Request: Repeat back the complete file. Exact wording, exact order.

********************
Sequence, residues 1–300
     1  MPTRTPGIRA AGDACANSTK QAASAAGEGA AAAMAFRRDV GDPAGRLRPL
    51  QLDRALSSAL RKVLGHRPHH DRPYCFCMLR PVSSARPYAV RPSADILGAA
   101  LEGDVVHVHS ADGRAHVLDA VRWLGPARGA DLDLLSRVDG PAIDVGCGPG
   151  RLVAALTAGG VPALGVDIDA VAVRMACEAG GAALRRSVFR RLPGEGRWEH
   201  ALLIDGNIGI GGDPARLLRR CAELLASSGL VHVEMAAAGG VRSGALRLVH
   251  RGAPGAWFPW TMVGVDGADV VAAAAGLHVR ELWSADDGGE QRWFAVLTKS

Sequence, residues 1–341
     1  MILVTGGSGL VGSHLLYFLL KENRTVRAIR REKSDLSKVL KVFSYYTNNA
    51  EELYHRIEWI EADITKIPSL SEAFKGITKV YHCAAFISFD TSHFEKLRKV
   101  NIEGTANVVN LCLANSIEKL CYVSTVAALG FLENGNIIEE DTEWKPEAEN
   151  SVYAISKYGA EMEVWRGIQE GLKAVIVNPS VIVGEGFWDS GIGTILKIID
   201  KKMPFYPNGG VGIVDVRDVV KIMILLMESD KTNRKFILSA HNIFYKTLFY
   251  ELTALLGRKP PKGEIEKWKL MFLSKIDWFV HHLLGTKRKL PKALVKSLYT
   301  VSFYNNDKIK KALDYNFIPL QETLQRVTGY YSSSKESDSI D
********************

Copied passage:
Sequence, residues 1–300
     1  MPTRTPGIRA AGDACANSTK QAASAAGEGA AAAMAFRRDV GDPAGRLRPL
    51  QLDRALSSAL RKVLGHRPHH DRPYCFCMLR PVSSARPYAV RPSADILGAA
   101  LEGDVVHVHS ADGRAHVLDA VRWLGPARGA DLDLLSRVDG PAIDVGCGPG
   151  RLVAALTAGG VPALGVDIDA VAVRMACEAG GAALRRSVFR RLPGEGRWEH
   201  ALLIDGNIGI GGDPARLLRR CAELLASSGL VHVEMAAAGG VRSGALRLVH
   251  RGAPGAWFPW TMVGVDGADV VAAAAGLHVR ELWSADDGGE QRWFAVLTKS

Sequence, residues 1–341
     1  MILVTGGSGL VGSHLLYFLL KENRTVRAIR REKSDLSKVL KVFSYYTNNA
    51  EELYHRIEWI EADITKIPSL SEAFKGITKV YHCAAFISFD TSHFEKLRKV
   101  NIEGTANVVN LCLANSIEKL CYVSTVAALG FLENGNIIEE DTEWKPEAEN
   151  SVYAISKYGA EMEVWRGIQE GLKAVIVNPS VIVGEGFWDS GIGTILKIID
   201  KKMPFYPNGG VGIVDVRDVV KIMILLMESD KTNRKFILSA HNIFYKTLFY
   251  ELTALLGRKP PKGEIEKWKL MFLSKIDWFV HHLLGTKRKL PKALVKSLYT
   301  VSFYNNDKIK KALDYNFIPL QETLQRVTGY YSSSKESDSI D